What Size and Type of HVAC Do I Need? »
There are a few easy ways to determine what size and type of HVAC you require.
6340 Arc WayFort Myers, FL 33966
From Business: Take action and beat the heat. Action Cooling & Heating, which has proudly served Southwest Florida since 1988, has everything you need for your home's cooling an…
12871 Metro PkwyFort Myers, FL 33966
From Business: If you need a job done right, you call in the experts. At Service Experts Heating & Air Conditioning in Ft. Myers, we?re committed to performing quality HVAC serv…
From Business: Sears Home Improvements is your trusted, long term partner. We’ve been helping customers improve their homes for over 125 years and we back our work with strong w…
From Business: Whether your current central heating & air conditioning system needs preventive maintenance, repair, or replacement, trust Sears to keep your family comfortable y…
From Business: Sears Home Improvements is your trusted, long term partner. We've been helping customers improve their homes for over 125 years and we back our work with strong w…
Naples, FL 34110
Very satisfied with service! They really are the BEST!! My technician was knowledgeable and explained everything he was doing. Fair prices too.
12920 Palm Beach BlvdFort Myers, FL 33905
From Business: Lee, Charlotte, Collier, and Hendry county’s premiere air conditioning & heating professionals, since 2002. We pride ourselves on providing you with quality work …
Serving the Fort Myers Area.
Should have known not to call the second time. the 1st time was to unclog a drain, tech stated he wouldn't use the auger to clean, he might get it …
1020 NE Pine Island RdCape Coral, FL 33909
From Business: There's a lot about indoor air quality that you might not know and certainly can't see. Up to 72 trillion microscopic irritants, or allergens, find their way into…
There are a few easy ways to determine what size and type of HVAC you require.
There are several important decisions you'll have to make amidst any construction project. One of them is how to supply heat and a…
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I Called and they were out within a few hours, knowledgeable, and clean. Thank you Sebastian for taking care of my A/C unit.
This company was very reliable and accommodating when James the owner was involved in service and installation. However now James is only in the office and the technicians are hit or miss meaning good or bad. For the most part they now have poor rather poor customer service. They often don't answer their phone or call back messages that are left. They seem to be big in Home Warranty Service. They only operate five days a week from 9 AM to 5 PM. They do not offer after hours or week end emergency service 9, even at a premium charge which can be quite a downer in the heat of SW Florida.I can NO longer recommend this company for general service or new installs. You may have to use them if you have a warranty program that uses Integrity Air.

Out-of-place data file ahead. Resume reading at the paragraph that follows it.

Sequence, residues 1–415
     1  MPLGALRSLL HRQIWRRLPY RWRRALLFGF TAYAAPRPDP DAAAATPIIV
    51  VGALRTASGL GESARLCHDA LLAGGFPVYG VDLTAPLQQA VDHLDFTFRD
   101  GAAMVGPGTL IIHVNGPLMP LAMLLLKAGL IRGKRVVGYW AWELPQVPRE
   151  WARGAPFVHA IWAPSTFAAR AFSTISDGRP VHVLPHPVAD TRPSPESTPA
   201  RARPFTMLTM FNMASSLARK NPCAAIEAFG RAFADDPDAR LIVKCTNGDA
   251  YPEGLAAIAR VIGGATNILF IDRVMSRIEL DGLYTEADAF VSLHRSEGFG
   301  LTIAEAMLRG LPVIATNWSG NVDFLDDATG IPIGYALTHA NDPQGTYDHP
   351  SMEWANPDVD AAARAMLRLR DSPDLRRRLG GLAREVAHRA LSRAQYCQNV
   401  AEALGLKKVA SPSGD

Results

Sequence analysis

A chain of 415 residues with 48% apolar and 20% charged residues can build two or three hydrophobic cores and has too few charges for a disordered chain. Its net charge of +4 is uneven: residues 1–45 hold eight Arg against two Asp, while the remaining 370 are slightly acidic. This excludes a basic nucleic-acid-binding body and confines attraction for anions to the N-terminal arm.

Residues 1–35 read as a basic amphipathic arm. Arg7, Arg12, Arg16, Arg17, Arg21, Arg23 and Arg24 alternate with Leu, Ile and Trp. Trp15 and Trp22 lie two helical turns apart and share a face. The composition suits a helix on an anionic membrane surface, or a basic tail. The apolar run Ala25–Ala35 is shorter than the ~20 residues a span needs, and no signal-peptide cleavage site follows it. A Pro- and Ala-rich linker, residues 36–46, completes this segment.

Anthony was great! Answered all my questions and is very knowledgeable in his field. Thank you very much.
Kevin was prompt, v knowledgeable and easy to understand. After 7 years the a/c is working great. It only took a $1000 labor and a part under warranty to work great
I had the extreme unfortunate displeasure of dealing with this crooked company in the summer of 2006 or 2007. The salesman came out to my home, was incredibly friendly and helpful to sell me a new 4 ton 14 seer Carrier A/C unit and new ductwork. The estimate was $8,000 something. I believe the ductwork was around $1500, and the A/C was the rest.When the project started, the installers went up into the attic and said, "Oh you don't need new ductwork." Bearing in mind, my house was built in 1984. So, it's like 20+ years old at this point. THEY decided not to replace the ductwork, and then the project was completed in 4 hours.I wouldn't sign off on the paperwork until the owner reduced the price of my final bill by not replacing the ductwork. HE REFUSED!!! He also WOULD NOT get it permitted by the city. He said I had outstanding permits on my house, and therefore it wasn't his responsibility to follow the rules.Because I wouldn't sign off on the order for him to receive payment, until he reduced my bill by $1500 for the unreplaced ductwork, HE BEGAN HOUNDING ME AT MY WORKPLACE. I was working as a Loan Officer at Wachovia Bank at that time. He was a business customer with Wachovia Bank. He BEGAN TO THREATEN ME AT MY JOB, THAT HE WAS GOING TO PULL HIS BUSINESS ACCOUNTS FROM THE BANK UNLESS I SIGNED THE ORDER!!!!!This had nothing to do with my our transaction, but he was using threats and shady tactics to get me to pay him. I was soooo young at the time this happened. I was only 22 years old, that I didn't know what to do. I panicked, was upset, and signed the paperwork under duress. He SCAMMED ME out of $8k, for MERELY AN A/C unit. To this very day, I HAVE NEVER FORGOTTEN THIS INCIDENT.I will NEVER do business with this company again, I will fear them every time I drive past their stupid vans or signage, and I will WARN EVERY SINGLE PERSON I encounter to stay clear of these crooks. It was honestly THE WORST EXPERIENCE I'VE EVER HAD IN MY ENTIRE LIFE!